By Ray Stern
By Ray Stern
By New Times
By Amy Silverman
By Stephen Lemons
By Stephen Lemons
By Monica Alonzo
By Chris Parker
Not just any junk — we're not talking about your average yard sale or even your favorite thrift store on a really good day. High-quality junk: industrial metal racks, globes, cloches, cake plates, and card catalogs. The stuff you drool over on Pinterest, the stuff Pottery Barn knocks off. The really good junk.
Fill a warehouse on Seventh Avenue with it. Put out the word on Facebook. And even on one of the hottest days of the year, even without air conditioning, they will come. In droves.
Rawlins and Hibbs were no novices when it came to junk — they'd met years ago in neighboring booths at an antiques mall in Chandler, and before that, Rawlins threw "kick- ass" garage sales in Minnesota, while Hibbs honed her skills on eBay. But they'd never attempted the holy grail — the monthly flash store. After running a successful vintage shop (Not Too Shabby) on Cave Creek Road for years, the two took the next step — renting a spot on Seventh Avenue (prime junking territory), hand-picking dealers and inventory, and choosing a theme.
"Midsummer Night's Dream" debuted August 18, 2011, and given the temperature that day — 118 degrees — it could have been a nightmare. But it wasn't. There was a line out the door before the shop opened, and it's been the same every month since. Even bigger. One of the most gratifying parts of this whole process for Rawlins and Hibbs has been watching community form before their eyes — people meet in (the really long) line to make purchases and recognize one another the following month. Treasures are discovered, friendships are made. And, yeah, there's squabbling from time to time over a particularly wonderful armoire.
Junking is tricky in this part of the country. The state's only 100 years old, after all, Hibbs reminds us, and people have come from other places — leaving their would-be future castaways behind.
And as with many things, it took Phoenicians a while to catch up to the industrial junk trend. But they have. "People think everyone is into kokopellis here," Hobbs says. People are wrong. Feeding the need is the biggest challenge.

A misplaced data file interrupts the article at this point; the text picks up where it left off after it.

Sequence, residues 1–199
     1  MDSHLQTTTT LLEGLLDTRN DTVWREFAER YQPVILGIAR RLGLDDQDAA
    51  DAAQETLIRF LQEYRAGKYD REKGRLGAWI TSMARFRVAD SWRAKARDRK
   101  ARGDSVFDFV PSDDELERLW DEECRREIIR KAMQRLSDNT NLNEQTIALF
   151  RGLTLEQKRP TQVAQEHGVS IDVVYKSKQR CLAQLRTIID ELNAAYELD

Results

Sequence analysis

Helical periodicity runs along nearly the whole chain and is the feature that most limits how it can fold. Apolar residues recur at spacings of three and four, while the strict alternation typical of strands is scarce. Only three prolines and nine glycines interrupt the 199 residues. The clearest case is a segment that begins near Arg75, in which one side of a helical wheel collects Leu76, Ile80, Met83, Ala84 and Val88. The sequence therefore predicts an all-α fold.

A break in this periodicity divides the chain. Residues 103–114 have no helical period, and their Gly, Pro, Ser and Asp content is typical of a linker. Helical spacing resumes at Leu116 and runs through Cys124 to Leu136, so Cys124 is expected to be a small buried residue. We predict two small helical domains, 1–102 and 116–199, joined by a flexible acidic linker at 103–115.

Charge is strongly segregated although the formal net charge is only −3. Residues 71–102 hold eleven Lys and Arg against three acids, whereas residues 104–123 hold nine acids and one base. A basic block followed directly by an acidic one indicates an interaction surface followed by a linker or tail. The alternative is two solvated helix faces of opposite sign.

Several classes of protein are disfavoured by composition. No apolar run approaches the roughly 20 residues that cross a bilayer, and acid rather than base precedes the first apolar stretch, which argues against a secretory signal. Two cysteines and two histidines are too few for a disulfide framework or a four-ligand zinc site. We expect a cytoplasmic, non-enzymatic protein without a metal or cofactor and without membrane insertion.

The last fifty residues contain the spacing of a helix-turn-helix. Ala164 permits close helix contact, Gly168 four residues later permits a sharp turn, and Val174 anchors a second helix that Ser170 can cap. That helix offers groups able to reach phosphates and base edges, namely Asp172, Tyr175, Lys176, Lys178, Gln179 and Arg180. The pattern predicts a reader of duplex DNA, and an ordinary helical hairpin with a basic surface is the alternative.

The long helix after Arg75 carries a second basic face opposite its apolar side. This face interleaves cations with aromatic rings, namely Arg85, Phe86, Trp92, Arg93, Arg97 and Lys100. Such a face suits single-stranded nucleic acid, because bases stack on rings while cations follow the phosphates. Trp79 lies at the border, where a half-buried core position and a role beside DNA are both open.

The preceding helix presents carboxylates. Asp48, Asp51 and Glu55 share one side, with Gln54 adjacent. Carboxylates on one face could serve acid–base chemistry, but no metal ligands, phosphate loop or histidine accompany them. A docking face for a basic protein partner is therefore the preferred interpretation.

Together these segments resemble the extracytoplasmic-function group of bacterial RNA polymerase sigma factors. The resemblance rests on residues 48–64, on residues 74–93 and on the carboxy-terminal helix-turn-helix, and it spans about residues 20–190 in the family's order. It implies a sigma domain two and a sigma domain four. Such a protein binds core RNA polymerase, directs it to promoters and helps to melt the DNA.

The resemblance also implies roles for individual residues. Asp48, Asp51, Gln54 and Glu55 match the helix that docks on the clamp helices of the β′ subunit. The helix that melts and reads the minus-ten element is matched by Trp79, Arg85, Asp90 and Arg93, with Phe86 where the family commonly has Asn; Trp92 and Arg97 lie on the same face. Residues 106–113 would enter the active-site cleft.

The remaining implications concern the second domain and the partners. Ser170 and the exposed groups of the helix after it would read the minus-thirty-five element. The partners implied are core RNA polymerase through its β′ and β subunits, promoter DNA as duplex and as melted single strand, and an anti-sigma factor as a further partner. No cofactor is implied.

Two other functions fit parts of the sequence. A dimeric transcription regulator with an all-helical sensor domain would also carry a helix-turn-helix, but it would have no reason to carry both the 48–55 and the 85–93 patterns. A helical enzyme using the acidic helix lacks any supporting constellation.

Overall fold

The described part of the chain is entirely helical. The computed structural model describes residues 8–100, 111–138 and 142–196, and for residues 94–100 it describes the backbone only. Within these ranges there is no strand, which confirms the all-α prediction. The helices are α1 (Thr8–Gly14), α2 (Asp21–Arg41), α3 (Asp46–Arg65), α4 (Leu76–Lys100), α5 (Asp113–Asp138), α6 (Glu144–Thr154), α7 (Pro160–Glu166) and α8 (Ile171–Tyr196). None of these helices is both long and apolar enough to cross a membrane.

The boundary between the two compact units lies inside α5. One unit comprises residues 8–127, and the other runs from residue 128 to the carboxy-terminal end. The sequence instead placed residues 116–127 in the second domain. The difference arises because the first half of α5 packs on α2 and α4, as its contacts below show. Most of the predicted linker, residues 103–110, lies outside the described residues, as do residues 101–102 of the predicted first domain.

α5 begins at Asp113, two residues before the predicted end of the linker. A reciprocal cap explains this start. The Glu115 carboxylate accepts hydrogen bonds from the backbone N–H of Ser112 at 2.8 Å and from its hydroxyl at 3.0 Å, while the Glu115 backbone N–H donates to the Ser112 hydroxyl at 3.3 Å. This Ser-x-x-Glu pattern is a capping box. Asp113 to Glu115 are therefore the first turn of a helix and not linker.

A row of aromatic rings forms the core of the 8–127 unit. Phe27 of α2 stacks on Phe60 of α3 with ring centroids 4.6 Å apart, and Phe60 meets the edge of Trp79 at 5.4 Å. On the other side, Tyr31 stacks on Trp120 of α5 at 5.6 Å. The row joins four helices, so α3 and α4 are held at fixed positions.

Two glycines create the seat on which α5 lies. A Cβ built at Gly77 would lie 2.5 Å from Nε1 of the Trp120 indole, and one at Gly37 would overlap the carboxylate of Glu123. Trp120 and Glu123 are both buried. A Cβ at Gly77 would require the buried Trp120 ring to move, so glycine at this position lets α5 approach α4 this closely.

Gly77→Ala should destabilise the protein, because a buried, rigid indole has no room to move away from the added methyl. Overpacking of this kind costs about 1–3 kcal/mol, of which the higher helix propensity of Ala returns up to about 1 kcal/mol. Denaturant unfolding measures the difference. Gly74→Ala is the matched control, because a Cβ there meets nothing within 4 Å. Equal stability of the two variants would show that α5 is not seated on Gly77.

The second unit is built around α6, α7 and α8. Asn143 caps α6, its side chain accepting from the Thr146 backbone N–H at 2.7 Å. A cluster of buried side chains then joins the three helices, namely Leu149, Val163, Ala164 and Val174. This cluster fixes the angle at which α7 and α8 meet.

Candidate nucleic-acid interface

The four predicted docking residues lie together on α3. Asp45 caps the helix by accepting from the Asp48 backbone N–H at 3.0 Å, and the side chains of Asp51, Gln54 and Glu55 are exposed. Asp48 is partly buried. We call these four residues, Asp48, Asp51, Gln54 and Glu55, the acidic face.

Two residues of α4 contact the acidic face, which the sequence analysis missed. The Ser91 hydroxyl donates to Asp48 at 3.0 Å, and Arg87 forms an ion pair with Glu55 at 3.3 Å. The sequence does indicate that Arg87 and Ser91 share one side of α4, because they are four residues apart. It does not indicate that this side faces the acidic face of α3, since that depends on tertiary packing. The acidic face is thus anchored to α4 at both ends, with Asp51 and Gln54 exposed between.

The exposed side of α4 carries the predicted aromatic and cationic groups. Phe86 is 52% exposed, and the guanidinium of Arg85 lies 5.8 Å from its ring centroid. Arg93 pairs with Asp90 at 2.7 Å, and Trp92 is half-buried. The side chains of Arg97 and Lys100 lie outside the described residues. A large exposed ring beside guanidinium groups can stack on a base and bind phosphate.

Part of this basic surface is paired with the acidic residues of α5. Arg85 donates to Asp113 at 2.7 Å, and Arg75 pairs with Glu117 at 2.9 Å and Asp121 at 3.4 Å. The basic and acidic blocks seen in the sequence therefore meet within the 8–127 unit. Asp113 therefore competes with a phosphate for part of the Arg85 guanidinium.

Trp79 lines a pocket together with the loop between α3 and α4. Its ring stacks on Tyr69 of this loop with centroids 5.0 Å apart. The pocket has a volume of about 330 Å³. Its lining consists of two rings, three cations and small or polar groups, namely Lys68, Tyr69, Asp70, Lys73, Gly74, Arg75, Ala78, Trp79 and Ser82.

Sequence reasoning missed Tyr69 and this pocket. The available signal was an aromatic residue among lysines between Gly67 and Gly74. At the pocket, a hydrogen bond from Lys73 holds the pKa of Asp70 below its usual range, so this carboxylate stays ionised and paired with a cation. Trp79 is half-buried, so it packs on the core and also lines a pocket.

"It took a while to get kind of a junk trail here," Rawlins says, and now that she's got one, she's super-mum about it. The ladies admit they drive to California to do much of their hunting but only mention the largest and most obvious sources — the Rose Bowl and Irvine flea markets — when asked for specifics.
Hey, those are trade secrets. In fact, the theme for the next show, opening the third Thursday of April, is "Salvage Secrets." Joanne Palmisano, author of a book of the same name, will be there to do a signing. And Rawlins and Hibbs promise they have a big secret to share with their shoppers.
You'll like it — we promise. — Amy Silverman
Victor Moreno remembers sneaking across the street from his parents' house outside Los Angeles to a video store to rent as many B-list movies as he could get his hands on. He saved his money and rented two or three at a time, each for 50 to 75 cents. In a few years, he'd gone through the store's inventory.
Moreno's a proud film buff and easily can talk shop about what's coming out next week as well as what was coming out of Japan in the late '70s. When he moved to Phoenix, he renamed half its destinations after movie and television references (Liberty Market is Mayberry; Paradise Valley is 90210).
And when he finally put his movie obsession together with a love for design, he says, it all kind of clicked.
Moreno, 33, comes from a family of lawyers and moved to Phoenix to go to ASU's Sandra Day O'Connor College of Law. He'd always been interested in art and film — and taught himself design — but was told (kindly) by his parents that he had to go to "real" school and get a "real" job to support his passion.
He spent the next three years designing websites for Sony and MySpace pages for big-name bands to pay for law school .
He met fellow film nerd Andrea Beesley, who was programming films at the now-defunct Paper Heart in downtown Phoenix. Fast friends, Moreno followed Beesley to MADCAP Theaters in Tempe and then to The Royale. The two worked together on programming events. Beesley and Moreno chose the movies, and Moreno started designing limited-edition movie posters for each event.
He says he designs each poster after watching the movie (more than) a few times and can usually pick a character or scene that sticks out. He'll then either hand-illustrate or use design software on his computer to compose the scene in a way that usually differs from the movie's original poster — and would be something he'd want to hang on his own wall.
The posters became as popular as the movies, and soon Moreno brought other local designers on board. When The Royale closed in December, Beesley took a break and Moreno took his operation back to MADCAP, where he currently heads up Cult Classics, a monthly screening of a cult film with live entertainment and limited-edition prints.